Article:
Spotted Wilt Virus Light This Season on Tomatoes

Thrips Widespread But Yields are High

By Patrick Cavanaugh, Editor

Spotted wilt virus on tomatoes was a big concern at the beginning of the season. California Ag Today spoke with Tom Turini, vegetable crops farm advisor for the University of California Cooperative Extension in Fresno County, about the topic. We caught up with him on the west side of Fresno County. He said despite the potential virus pressure, tomato yields have been very high this year.

“Thrips are the vector of tomato spotted wilt, and while the thrip distribution is much wider than it was last year, it doesn’t look like we’re seeing the level of economic damage,” Turini said.

Tom Turini

“We had had concerns initially about problems, and of course that could get worse as we get later in the season, but so far our yields have been very, very high,” Turini said.

He explained that the strong yields is in part due to the mild temperatures during the spring, so there was good early fruit set. “Even that, I would expect that now with these higher temperatures over the last six weeks, we’re going to start seeing the effects of the yield-robbing virus with a later harvest, he said.

Last year, the concern was with fresh market tomatoes.

“We had concerns late last year in the fresh market, but this year it’s at moderate levels of economic impact. “It doesn’t mean it couldn’t happen in the future, but at this point, it looks like we were spared, at least for the early season crop.

More California Ag News

Caltec Shares Innovative Pest Control Practices A New Approach to Managing Vine Mealybug By Hannah Young, Contributing Editor Some innovative pest and disease control products, such as heat applic...
Spotted Wilt Virus Impacting Tomatoes Again Virus has Gotten Past Resistant Gene By Patrick Cavanaugh, Editor Tomato spotted wilt virus is becoming big in the central San Joaquin Valley, accor...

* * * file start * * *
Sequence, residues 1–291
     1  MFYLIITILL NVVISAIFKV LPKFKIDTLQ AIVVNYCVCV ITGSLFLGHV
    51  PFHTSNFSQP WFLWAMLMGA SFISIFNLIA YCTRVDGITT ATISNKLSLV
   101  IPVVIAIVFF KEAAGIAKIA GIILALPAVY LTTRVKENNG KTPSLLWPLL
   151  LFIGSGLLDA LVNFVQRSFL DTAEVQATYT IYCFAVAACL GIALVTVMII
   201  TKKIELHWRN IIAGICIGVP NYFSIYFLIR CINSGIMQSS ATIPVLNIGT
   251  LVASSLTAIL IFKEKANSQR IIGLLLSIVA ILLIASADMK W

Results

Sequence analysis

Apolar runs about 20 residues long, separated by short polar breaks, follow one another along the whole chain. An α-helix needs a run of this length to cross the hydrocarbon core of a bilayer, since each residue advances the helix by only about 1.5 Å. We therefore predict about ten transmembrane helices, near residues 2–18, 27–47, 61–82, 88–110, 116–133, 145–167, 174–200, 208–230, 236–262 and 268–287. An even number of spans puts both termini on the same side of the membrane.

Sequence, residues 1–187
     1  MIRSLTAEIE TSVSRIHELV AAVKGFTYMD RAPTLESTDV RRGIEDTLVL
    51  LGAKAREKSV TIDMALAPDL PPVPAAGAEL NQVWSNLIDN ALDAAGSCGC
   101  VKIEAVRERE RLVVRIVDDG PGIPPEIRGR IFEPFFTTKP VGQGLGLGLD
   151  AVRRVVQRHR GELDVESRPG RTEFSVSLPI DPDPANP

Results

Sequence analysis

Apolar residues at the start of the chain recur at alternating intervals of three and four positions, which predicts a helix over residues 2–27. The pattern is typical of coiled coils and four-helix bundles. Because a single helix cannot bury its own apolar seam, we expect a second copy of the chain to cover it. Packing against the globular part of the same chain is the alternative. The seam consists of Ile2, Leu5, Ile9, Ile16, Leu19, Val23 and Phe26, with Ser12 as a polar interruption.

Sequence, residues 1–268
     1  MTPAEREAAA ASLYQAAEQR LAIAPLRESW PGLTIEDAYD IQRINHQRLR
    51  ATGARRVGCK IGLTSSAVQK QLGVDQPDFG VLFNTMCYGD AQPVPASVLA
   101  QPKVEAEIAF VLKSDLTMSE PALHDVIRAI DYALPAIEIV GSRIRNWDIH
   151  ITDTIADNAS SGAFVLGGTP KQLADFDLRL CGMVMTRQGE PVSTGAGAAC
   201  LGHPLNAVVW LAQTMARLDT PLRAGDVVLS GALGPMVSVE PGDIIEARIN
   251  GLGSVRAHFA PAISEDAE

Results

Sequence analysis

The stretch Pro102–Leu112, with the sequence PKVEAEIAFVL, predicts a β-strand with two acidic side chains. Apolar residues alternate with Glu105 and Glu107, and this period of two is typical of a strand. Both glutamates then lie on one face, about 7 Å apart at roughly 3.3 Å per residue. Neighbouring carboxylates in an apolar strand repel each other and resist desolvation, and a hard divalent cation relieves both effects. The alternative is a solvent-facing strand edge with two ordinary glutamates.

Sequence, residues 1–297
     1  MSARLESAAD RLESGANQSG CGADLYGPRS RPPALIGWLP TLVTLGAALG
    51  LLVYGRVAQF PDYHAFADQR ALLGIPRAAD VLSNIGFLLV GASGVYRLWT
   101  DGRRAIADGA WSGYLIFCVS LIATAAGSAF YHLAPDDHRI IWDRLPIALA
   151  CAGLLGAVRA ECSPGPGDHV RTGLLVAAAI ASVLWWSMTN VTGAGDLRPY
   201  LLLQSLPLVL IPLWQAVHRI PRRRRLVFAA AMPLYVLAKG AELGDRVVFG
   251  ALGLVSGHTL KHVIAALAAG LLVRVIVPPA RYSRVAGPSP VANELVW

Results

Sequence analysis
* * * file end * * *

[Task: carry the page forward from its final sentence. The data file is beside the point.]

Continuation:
Rootstocks Offer Production Attributes Tomato Rootstocks Grafting By Jessica Theisman, Associate Editor California Ag Today recently spoke with Brenna Aegerter, a UC Cooperative Extension...
Agriculture Struggles Unnecessarily, According to ... Forbes Chairman Has Suggestions to Help By Jessica Theisman, Associate Editor Water and labor are major agricultural issues in California. Californi...

Navel Orangeworm Pressure Could Be Increasing in Almonds

Lack of Good Sanitation Leads to High Navel Orangeworm Numbers

By Jessica Theisman, Associate Editor

It could be another heavy year for Navel Orangeworm (NOW). David Haviland, UC Cooperative Extension farm advisor for Kern County and entomologist told California Ag Today that sanitation in almond orchards over the winter was not as good as it could have been.

“Everything right now is about trying to prevent a repeat from last year, and it is a little tricky so we know that sanitation wasn’t as good this winter as it generally should be,” he said. “The best time to shake NOW mummy nuts from an almond tree is after a rain when the nuts are heavier.”

David Haviland on Pyrethroid Review
David Haviland

However, rains came late this season, and by the time the rains left, there was only a few weeks before spring.

“This left a very short window to get any shaking done, and some people did an excellent job during that window to sanitize and other people just couldn’t get around all their acreage,” Haviland said. “On average across the whole industry, sanitation was not up to where it should have been, and it gave growers a difficult start to the season.”

NOW could be early this year, but the crop is on time.

“With all of this prolonged hot temperatures, particularly high night-time temperatures, the trees are shutting down a little bit at night compared to what they would do if the nighttime temperatures were cooler,” Haviland explained.

As a result, harvest is not coming as quickly as people would like.

“The problem is that the longer the nuts are in the orchard, the greater chance there will be NOW damage,” he said.

Timely crop protection sprays are recommended.

More California Ag News

Navel Orangeworm Prevention Critical High Navel Orangeworm Numbers Statewide By Jessica Theisman, Associate Editor Almonds are deep into hull split, and it is absolutely critical to...
A Plan of Attack for the Dusty Almond Harvest Reducing Almond Harvest Dust Keeps Neighbors Happy By Mikenzi Meyers, Associate Editor Dust management is an issue that almond growers and their...
Spotted Wilt Virus Impacting Tomatoes Again Virus has Gotten Past Resistant Gene By Patrick Cavanaugh, Editor Tomato spotted wilt virus is becoming big in the central San Joaquin Valley, accor...